(Note: In my first post in this series, My Dream Becomes Reality, I shared a story of an event that spanned a period that started months before my trip and ended with what happened when I arrived at the ashram. In this post, I’m going to go back to the beginning of the journey itself. I encourage you to read the first post as preparation for this one if you haven’t already read it.)
My friend Ramana, who is also housesitting for me, took me to the airport early in the afternoon of August 11. This was the beginning of my 28th trip to Amma’s ashram in Amritapuri, India. The trip entails a fourteen-hour flight to Dubai, and after a two-hour layover, another four-hour flight to Trivandrum, India. Once there, I take a two to three-hour taxi ride to Amritapuri. The trip to India is grueling in any circumstance, but this time I would be doing it three weeks after having broken my wrist. Even the thought of going when I was essentially one-handed was overwhelming.
Normally I take two suitcases, mostly filled with supplies for other people, but this time I brought the bare minimum, one small suitcase plus my purse and laptop. Once on board, I discovered that the flight attendants and even the passengers were more than willing to help me if I needed help. Before long, we were in the sky heading for India.
The last three years, Emirates has offered me the opportunity to purchase an upgrade to business class for the Seattle to Dubai segment of the journey. I had not done it in the past, but decided to take them up on their offer this time. It was still a tough journey but the upgrade made a huge difference in my experience.
My friend Prarthana traveled to Amritapuri a week before I started my trip. I had not told her I was coming to India. It was fun to know that I would be surprising her when I showed up there. When I was on a two-hour layover in Dubai I received an email from her. In it she shared some of her travel experiences. When I answered the email, I didn’t mention that I was in sitting in the Dubai airport at the time I was reading it.
One of the things she shared was that the water in the toilets in the airport was heated. I found that strange, especially since I had just used one and it wasn’t heated, and I had never experienced heated toilet water there during previous layovers. Before I boarded, I used another restroom and it was abundantly obvious that the water in the toilet was very hot. Later, I learned that the heat that emanated from the toilet wasn’t because the water was heated, but rather because the weather in Dubai was so hot that the water coming through the pipes was hotter than water that would come from a hot water heater. I had noticed that the temperature in Dubai was 105 F first thing in the morning and it apparently can get to 120 F during the day. This was my first time traveling through Dubai in August.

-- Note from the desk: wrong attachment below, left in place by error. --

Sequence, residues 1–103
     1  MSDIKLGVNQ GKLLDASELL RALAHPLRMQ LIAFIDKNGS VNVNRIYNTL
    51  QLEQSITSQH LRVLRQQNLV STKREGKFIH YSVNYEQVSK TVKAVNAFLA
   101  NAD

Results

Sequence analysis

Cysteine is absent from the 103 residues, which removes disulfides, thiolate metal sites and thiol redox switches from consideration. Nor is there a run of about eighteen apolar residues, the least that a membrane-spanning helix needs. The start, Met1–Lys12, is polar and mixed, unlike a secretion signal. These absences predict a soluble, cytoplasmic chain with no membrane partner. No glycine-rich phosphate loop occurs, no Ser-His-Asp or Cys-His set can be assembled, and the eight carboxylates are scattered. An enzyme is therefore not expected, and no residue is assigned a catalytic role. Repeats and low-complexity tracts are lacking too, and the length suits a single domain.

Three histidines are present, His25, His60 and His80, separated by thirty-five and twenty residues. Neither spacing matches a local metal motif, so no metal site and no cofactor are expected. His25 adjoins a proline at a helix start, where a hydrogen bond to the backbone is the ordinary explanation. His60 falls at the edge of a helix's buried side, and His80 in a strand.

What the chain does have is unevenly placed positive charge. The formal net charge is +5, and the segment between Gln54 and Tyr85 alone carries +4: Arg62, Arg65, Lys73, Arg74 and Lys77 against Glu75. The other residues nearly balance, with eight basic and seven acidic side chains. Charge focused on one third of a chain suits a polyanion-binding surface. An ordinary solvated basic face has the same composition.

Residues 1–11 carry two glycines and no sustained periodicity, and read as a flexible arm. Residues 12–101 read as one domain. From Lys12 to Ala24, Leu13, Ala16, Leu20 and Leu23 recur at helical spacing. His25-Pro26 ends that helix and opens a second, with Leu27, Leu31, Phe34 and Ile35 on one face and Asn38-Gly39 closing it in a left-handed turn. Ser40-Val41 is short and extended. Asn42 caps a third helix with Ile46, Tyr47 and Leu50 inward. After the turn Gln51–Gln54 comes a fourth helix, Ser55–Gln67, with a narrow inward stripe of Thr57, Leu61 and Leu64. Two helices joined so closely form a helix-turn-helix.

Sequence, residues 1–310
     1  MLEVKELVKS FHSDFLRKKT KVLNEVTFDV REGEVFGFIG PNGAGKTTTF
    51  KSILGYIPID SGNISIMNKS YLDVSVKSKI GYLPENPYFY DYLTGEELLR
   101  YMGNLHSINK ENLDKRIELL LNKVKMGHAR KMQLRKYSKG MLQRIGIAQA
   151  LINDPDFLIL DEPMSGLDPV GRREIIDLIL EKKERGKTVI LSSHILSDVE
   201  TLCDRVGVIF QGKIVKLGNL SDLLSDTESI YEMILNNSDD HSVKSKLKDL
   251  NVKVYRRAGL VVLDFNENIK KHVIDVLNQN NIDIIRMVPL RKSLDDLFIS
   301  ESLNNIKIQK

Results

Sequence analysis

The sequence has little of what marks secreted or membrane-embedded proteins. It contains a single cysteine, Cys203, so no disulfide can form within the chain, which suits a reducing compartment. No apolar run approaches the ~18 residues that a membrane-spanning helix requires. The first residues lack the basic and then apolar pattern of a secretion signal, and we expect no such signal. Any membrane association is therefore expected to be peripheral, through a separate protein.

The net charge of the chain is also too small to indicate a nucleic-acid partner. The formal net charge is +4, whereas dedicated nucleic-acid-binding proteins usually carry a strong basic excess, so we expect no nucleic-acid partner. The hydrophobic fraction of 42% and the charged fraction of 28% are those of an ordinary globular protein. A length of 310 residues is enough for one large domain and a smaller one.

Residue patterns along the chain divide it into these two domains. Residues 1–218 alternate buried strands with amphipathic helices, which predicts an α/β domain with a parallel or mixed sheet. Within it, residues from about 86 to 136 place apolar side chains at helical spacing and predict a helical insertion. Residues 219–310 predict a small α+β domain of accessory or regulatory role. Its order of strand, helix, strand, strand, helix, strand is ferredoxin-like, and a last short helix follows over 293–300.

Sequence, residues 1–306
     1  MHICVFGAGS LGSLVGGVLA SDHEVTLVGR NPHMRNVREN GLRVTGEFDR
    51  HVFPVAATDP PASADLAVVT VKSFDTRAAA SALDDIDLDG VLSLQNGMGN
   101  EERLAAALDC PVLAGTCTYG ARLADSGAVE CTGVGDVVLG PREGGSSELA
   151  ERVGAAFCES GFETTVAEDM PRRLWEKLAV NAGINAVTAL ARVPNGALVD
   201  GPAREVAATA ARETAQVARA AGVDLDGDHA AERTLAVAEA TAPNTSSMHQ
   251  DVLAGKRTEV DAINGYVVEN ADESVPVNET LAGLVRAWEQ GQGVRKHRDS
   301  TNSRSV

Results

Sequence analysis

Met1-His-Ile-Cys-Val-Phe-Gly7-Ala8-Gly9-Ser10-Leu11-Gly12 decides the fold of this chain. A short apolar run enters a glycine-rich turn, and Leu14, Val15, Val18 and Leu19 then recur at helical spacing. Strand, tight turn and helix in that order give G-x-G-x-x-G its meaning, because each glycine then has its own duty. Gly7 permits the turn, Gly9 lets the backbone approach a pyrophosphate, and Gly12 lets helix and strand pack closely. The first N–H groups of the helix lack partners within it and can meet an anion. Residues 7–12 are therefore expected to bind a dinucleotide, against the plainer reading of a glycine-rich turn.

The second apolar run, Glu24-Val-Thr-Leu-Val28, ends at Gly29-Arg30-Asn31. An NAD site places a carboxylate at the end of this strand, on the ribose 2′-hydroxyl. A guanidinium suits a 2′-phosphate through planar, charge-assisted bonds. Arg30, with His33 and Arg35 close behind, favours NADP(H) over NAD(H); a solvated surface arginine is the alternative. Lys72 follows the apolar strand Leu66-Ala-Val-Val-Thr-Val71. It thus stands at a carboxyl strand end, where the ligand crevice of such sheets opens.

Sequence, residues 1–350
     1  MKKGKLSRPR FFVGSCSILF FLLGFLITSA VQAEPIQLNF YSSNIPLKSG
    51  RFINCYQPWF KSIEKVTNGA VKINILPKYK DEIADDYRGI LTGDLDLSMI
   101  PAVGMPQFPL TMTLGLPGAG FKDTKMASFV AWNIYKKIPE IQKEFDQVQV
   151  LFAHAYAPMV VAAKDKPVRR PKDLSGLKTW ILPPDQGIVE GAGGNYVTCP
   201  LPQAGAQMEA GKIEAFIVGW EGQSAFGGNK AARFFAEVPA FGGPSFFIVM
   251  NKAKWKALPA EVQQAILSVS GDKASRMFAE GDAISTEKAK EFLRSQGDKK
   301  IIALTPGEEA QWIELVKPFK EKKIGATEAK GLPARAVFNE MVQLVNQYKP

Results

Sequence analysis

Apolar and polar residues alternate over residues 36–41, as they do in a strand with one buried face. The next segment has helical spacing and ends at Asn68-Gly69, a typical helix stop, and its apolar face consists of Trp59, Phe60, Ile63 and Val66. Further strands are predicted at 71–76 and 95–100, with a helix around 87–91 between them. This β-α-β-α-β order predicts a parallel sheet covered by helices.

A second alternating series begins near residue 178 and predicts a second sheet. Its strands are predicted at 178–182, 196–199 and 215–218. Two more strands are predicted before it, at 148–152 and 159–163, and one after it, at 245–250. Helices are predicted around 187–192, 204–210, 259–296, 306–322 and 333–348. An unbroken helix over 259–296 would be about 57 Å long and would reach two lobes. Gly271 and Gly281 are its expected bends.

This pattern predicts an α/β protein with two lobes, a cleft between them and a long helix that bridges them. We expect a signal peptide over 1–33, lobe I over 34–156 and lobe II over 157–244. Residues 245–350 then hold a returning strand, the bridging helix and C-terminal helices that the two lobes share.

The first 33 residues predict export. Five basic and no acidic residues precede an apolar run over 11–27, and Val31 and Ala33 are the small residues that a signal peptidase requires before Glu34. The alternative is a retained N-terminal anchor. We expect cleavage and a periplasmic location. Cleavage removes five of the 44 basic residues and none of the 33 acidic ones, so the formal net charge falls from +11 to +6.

Taxi to the ashram
It took me at least an hour to get my baggage after we landed in India. When I finally had my suitcase, I located the driver who would take me to the ashram. I am always amazed at the skill of the drivers, and their rock-solid steadiness. In India, the roads are usually filled with bicycles, motorcycles, buses, rickshaws, taxis, trucks, private cars and pedestrians. Drivers are constantly honking as they pass each other, swerving back into their own lane just before colliding with oncoming traffic. Speed limits are ignored whether it be on a highway or a village road.
I always remember my daughter’s first trip to India. She sat in the front seat and I was struck that she didn’t seem to have any reaction to this kind of driving. When I talked to her about it later, she said she had her eyes closed the whole time. She commented that it was like one big game of “Chicken.”
Two hours later, we reached Karunagappalli. We turned onto the small road that led to the beach road; the beach road goes all the way to the ashram. A few minutes later, the driver turned the car around. I didn’t understand whether the road was washed out due to the monsoons or if there was construction on the road ahead. I was glad he knew other ways to get to the ashram.
Soon, we were on the beach road. I was shocked to see how big the waves in the Arabian Sea were. I’ve been going to the ashram yearly since January 1990 and I had never seen the Sea so stormy. This was the first time I’d been to Amritapuri in August since 2003. Maybe I had forgotten what the waves were like during the rainy season.
Fifteen minutes later, we drove onto the ashram grounds. I was home.
To view the previous posts in this series click here.